Being up to date on screening substantially reduced the risk of death from colorectal cancer (CRC) in retrospective findings from two U.S. healthcare systems that had high rates of screening uptake.
The authors, Chyke A. Doubeni, MD, MPH, of the University of Perelman School of Medicine of the University of Pennsylvania in Philadelphia, and colleagues reported that among 1,750 CRC deaths, 75.9% occurred in people who had rectifiable failures in the screening process -- especially lack of follow-up on abnormal findings -- and these lapses significantly increased the risk of CRC death. Fewer than a quarter of deaths occurred in individuals whose screening was up to date.
The study, published in Gastroenterology, showed that CRC death was associated with higher odds of failure to screen or failure to screen at appropriate intervals, for an odds ratio (OR) of 2.40 (95% CI 2.07-2.77), while failure to follow up on abnormal results correlated with an OR of 7.26 (95% CI 5.26-10.0).
"Our study points to the importance of getting screened on time, keeping up to date on screening, and ensuring that follow-up testing occurs when the test is abnormal or incomplete," Doubeni told MedPage Today.
The most lapses in the screening process were failure to ever screen or to screen at appropriate intervals. About 8% of deaths occurred in those who did not receive follow-up after an abnormal screen.
The researchers looked at patients ages 50 to 90 in the Kaiser Permanente systems of Northern and Southern California who died of CRC during 2006 to 2012 after being enrolled for at least 5 years before diagnosis. The patients were compared with a matched cohort of cancer-free patients. Tests included colonoscopy, sigmoidoscopy, barium enema, and both fecal occult blood (FOBT) and fecal immunochemical (FIT) tests received in the 10 years before diagnosis.
The average age of patients at diagnosis was 70, and 49.5% were female, 67.0% were non-Hispanic white, 12.0% were non-Hispanic black, 9.4% were Hispanic, and 8.9% were Asian-Pacific Islander.
Significantly, more than three-quarters of those considered to be dying from CRC had an identifiable screening failure, including failure to screen (n=591, 33.8%), inappropriate screening intervals (n=574, 32.8%), no surveillance (n=22, 1.3%), or lack of follow-up (n=141, 8.1%). Screening was up to date in 24.1% (n=422) as of the diagnosis date.
Among those with follow-up after an abnormal result, 103 had a positive FOBT, and of these, 58 (57.3%) had a documented order for diagnostic colonoscopy (n=42), sigmoidoscopy (n=14), or barium enema (n=2). Of patients with follow-up, 60 received further FOBT after an initial positive, six had only barium enema, and two had only sigmoidoscopy.
The majority of the tumors in patients who were up to date with screening by any test or indication were located in the right colon (61.8%, n=261), regardless of test type: colonoscopy (58.6%, n=41/70), sigmoidoscopy (68.5%, n=100/146), or fecal tests (58.6%, n=106/181). Failures to screen were more common in those with rectal or left colon cancers than those with right colon cancers (P=<0.01).
In patients with screening or follow-up failure, right colon cancers accounted for 45.3% (n=538) of all failures to screen combined, and 58.9% (n=83) of failures of follow-up. Failure to screen was associated with fewer visits to primary care physicians, suggesting that having a regular family doctor may affect participation.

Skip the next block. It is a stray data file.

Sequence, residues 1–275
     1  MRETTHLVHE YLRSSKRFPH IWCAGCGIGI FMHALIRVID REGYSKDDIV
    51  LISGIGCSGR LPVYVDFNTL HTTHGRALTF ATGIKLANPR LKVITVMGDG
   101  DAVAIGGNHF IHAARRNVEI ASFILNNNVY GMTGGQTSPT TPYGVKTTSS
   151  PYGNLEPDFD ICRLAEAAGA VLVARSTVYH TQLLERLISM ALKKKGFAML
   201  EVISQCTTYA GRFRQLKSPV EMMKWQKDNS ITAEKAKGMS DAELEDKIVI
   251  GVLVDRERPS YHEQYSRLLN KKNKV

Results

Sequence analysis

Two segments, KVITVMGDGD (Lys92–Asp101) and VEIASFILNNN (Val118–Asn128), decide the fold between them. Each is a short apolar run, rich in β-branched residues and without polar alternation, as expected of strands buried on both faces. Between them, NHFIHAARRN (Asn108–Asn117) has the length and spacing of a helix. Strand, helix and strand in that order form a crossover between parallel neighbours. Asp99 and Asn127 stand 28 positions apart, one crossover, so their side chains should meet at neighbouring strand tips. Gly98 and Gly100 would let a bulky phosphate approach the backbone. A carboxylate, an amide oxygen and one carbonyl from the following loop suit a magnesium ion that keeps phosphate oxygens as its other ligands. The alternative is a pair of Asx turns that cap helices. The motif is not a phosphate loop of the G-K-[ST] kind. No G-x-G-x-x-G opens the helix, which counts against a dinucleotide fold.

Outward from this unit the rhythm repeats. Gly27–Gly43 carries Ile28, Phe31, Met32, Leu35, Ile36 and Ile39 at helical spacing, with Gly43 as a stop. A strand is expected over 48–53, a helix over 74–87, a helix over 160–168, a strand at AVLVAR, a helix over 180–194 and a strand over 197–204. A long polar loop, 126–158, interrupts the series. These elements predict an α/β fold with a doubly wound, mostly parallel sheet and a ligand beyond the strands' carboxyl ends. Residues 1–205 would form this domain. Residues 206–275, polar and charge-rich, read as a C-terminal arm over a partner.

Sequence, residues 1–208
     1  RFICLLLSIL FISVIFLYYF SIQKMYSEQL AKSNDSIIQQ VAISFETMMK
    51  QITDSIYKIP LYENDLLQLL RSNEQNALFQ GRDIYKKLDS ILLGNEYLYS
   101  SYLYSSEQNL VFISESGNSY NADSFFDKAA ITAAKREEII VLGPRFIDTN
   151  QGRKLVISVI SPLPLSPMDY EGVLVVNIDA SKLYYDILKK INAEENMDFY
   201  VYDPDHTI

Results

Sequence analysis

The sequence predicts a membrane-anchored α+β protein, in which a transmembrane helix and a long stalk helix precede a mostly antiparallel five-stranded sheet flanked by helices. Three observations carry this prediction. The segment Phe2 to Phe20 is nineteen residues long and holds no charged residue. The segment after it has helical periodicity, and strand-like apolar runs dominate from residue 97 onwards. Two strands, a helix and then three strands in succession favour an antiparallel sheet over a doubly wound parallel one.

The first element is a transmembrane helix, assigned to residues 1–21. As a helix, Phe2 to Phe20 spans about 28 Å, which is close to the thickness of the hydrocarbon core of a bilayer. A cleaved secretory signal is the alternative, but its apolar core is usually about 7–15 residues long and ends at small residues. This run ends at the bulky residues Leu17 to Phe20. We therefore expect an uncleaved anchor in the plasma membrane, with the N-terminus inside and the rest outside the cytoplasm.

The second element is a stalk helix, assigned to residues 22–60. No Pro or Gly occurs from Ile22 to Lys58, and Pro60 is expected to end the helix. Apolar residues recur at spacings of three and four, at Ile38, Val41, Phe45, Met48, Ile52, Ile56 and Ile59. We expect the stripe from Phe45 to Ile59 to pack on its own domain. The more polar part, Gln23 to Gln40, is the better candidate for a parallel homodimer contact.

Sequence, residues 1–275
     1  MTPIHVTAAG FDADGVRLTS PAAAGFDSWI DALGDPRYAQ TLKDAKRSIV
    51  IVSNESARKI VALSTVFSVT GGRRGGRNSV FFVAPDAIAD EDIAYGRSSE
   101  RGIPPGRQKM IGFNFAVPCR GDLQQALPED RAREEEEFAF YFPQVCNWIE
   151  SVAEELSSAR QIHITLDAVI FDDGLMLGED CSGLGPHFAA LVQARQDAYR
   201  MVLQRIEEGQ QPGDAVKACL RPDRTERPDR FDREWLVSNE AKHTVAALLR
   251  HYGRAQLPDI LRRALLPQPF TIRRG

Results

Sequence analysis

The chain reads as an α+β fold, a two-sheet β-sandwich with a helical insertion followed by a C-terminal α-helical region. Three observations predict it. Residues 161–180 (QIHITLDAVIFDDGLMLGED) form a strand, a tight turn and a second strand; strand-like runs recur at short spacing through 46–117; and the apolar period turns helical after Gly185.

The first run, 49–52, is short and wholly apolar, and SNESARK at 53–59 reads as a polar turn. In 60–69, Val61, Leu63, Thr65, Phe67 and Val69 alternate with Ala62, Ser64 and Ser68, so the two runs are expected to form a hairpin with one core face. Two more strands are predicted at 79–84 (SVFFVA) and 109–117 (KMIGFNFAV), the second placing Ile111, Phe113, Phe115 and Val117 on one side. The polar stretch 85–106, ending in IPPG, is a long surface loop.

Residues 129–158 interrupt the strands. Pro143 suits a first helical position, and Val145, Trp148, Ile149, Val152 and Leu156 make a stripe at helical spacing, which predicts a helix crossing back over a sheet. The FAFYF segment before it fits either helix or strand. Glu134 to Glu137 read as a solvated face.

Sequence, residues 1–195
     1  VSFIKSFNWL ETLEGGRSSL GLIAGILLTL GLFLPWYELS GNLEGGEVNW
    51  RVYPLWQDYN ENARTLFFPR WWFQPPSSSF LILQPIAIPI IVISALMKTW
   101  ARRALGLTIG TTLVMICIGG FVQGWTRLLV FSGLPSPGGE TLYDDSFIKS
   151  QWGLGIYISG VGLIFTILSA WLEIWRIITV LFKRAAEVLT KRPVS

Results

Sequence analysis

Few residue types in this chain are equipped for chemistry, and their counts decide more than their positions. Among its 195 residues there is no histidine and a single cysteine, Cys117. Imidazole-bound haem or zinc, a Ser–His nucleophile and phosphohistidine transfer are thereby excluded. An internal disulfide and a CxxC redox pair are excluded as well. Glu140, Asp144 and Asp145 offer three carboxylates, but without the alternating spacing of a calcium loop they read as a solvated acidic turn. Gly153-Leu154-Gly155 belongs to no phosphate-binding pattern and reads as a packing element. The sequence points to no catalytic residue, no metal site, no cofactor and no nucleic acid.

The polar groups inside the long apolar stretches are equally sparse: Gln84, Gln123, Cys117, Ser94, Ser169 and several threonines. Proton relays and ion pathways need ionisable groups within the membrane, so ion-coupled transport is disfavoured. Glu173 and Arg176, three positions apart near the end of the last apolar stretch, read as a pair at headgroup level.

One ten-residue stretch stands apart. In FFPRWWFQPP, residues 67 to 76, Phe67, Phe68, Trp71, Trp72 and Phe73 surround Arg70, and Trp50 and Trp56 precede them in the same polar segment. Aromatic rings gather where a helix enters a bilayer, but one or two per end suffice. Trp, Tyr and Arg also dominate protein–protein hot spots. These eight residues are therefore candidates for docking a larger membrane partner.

In the 3,486 cancer-free controls, 44.6% were up to date on screening and these had a reduced risk of CRC death, with an odds ratio of 0.38 (95% CI 0.33-0.44).
Failure to screen or to screen at appropriate intervals was evident in 67.8% of patients who died from CRC versus 53.2% of cancer-free patients. Failure to follow up on abnormal results occurred in 8.1% of patients who died from CRC versus 2.2% of cancer-free patients.
In a community-based study, Doubeni's group had previously reported that 84% of the screening exposures in people who died of CRC occurred within 1 year of diagnosis, compared with 3% in matched cancer-free patients, suggesting that screening occurred too late in the disease course to be protective and reinforcing the potential benefits of timely initiation of screening.
Doubeni said that the 8% of individuals dying from CRC after an abnormal screening result without appropriate follow-up and the strong seven-fold association with mortality risk underscores the need for interventions to optimize the effectiveness of screening in preventing CRC deaths. A 2017 systematic review suggested that having patient navigators and sending providers reminders or performance data may improve follow-up after positive fecal tests, but evidence on effective system-level interventions is insufficient and this area needs further research. And a recent Kaiser Permanente study reported that directly mailing FIT kits to patients' homes modestly increased participation rates.
"Our study suggests that even in settings with high screening uptake, access to and timely uptake of screening, regular re-screening, appropriate use of testing given patient characteristics, completion of timely diagnostic testing when screening is positive, and improving the effectiveness of screening tests, particularly for right colon cancer, remain important areas of focus for further decreasing CRC death," Doubeni and associates wrote.
This study was supported by the National Cancer Institute.
Doubeni is a member of the U.S. Preventive Services Task Force; one co-author is editor-in-chief of Gastroenterology, and the remaining co-authors reported having no conflicts of interest.